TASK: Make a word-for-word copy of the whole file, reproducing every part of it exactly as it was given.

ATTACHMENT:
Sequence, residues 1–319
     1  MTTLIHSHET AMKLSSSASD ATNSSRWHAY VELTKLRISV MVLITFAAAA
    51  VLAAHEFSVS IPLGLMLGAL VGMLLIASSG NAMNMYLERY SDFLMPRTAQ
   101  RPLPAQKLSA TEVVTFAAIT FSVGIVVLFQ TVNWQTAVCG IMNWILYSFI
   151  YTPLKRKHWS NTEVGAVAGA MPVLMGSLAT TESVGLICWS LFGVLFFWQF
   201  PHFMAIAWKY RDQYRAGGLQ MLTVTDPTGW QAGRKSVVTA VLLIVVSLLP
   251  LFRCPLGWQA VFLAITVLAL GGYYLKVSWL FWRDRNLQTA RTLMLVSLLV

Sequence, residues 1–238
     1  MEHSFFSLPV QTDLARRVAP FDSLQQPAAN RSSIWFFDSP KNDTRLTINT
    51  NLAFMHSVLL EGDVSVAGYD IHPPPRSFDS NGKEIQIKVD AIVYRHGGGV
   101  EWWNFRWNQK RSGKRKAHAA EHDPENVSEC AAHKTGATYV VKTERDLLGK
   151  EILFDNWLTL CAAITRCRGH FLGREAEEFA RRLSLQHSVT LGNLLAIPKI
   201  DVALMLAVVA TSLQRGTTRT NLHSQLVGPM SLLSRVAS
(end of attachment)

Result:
Sequence, residues 1–319
     1  MTTLIHSHET AMKLSSSASD ATNSSRWHAY VELTKLRISV MVLITFAAAA
    51  VLAAHEFSVS IPLGLMLGAL VGMLLIASSG NAMNMYLERY SDFLMPRTAQ
   101  RPLPAQKLSA TEVVTFAAIT FSVGIVVLFQ TVNWQTAVCG IMNWILYSFI
   151  YTPLKRKHWS NTEVGAVAGA MPVLMGSLAT TESVGLICWS LFGVLFFWQF
   201  PHFMAIAWKY RDQYRAGGLQ MLTVTDPTGW QAGRKSVVTA VLLIVVSLLP
   251  LFRCPLGWQA VFLAITVLAL GGYYLKVSWL FWRDRNLQTA RTLMLVSLLV

Sequence, residues 1–238
     1  MEHSFFSLPV QTDLARRVAP FDSLQQPAAN RSSIWFFDSP KNDTRLTINT
    51  NLAFMHSVLL EGDVSVAGYD IHPPPRSFDS NGKEIQIKVD AIVYRHGGGV
   101  EWWNFRWNQK RSGKRKAHAA EHDPENVSEC AAHKTGATYV VKTERDLLGK
   151  EILFDNWLTL CAAITRCRGH FLGREAEEFA RRLSLQHSVT LGNLLAIPKI
   201  DVALMLAVVA TSLQRGTTRT NLHSQLVGPM SLLSRVAS